Currency traders accused of colluding to rig the pricing of South Africa’s rand had a name for their group: ZAR Domination.
That’s according to South Africa’s Competition Commission, which on May 19 announced an investigation into 11 companies for allegedly fixing rand prices. ZAR is the currency’s international code.
“The alleged cartelists called themselves ZAR Domination,” commission spokesman Mava Scott said by phone on Friday. “They used chatrooms that they normally use when they do their currency trades.”
South Africa’s investigation follows similar probes by regulators in the U.S. and U.K., which have resulted in billions of dollars of fines for some of the world’s biggest banks. JPMorgan Chase & Co., BNP Paribas SA, Citigroup Inc., Barclays Africa Group Ltd., Standard Bank Group Ltd. and Investec Ltd. are among the banks facing investigation by the Pretoria-based commission.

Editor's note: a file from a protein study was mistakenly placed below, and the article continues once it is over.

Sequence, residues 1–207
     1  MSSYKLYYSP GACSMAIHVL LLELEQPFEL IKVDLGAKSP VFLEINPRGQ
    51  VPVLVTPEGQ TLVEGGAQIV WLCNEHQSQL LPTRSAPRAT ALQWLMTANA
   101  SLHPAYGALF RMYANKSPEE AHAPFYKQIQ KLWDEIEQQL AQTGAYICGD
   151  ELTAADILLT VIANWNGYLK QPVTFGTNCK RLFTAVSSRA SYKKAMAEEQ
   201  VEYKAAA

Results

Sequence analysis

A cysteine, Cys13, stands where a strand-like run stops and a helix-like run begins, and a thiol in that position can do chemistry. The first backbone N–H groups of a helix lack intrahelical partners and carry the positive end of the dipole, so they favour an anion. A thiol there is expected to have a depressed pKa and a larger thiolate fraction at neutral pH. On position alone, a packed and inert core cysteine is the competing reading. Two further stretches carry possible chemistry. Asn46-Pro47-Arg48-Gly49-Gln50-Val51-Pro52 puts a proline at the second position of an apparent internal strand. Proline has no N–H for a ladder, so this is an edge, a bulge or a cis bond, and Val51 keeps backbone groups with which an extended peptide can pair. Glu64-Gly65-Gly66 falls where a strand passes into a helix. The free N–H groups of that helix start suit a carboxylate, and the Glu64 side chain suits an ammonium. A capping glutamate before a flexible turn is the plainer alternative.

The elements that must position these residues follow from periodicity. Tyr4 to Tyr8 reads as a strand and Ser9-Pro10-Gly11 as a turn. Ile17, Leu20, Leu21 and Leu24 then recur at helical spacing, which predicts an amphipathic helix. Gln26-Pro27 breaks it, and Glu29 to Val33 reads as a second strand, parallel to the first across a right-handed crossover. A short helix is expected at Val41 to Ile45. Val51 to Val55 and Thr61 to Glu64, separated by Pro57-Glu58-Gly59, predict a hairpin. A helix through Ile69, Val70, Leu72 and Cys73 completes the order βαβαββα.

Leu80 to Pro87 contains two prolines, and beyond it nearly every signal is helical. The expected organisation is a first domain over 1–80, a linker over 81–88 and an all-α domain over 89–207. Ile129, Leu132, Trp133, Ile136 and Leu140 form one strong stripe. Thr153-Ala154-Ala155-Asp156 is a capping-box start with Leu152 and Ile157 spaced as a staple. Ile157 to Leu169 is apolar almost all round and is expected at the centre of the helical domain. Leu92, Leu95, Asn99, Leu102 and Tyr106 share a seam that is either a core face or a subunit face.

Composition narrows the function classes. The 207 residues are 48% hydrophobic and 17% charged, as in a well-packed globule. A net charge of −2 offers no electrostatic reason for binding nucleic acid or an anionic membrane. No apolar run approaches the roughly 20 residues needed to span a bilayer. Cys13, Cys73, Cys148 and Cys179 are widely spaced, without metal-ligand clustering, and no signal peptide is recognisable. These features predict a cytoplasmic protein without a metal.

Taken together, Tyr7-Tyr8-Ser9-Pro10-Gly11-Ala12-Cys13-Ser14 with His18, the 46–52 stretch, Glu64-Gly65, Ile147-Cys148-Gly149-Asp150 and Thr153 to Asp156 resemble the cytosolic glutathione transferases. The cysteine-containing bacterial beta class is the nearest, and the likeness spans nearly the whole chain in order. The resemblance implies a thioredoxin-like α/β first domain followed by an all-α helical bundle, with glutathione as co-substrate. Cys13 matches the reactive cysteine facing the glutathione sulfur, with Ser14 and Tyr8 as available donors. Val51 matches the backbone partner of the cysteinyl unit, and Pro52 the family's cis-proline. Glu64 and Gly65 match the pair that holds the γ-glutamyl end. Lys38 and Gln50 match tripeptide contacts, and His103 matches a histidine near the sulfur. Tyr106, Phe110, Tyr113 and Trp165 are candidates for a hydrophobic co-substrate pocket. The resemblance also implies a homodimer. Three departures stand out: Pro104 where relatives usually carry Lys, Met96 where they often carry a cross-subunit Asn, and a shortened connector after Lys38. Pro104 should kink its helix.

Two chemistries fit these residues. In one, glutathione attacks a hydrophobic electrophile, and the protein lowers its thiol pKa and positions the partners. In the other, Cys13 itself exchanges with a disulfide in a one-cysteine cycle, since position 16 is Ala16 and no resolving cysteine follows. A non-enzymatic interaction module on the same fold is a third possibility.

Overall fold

“We weren’t aware of that name,” Ursula Nobrega, a spokeswoman for Investec, said Friday, referring to the term “ZAR Domination.” The probe “has caught most market players by surprise,” she said. “The nature of the investigation isn’t known yet. We will cooperate fully.”
South Africa’s rand has weakened 12 percent against the dollar in the past 12 months.
Standard Bank and Standard Chartered declined to comment on “ZAR domination” and said they will cooperate fully with authorities. Spokesmen for Citigroup, JPMorgan and BNP declined to comment.
Barclays Africa isn’t aware of the detail behind the investigation, but reiterates that it will cooperate fully, a spokesman said in a text message, asking not to be identified in line with company policy.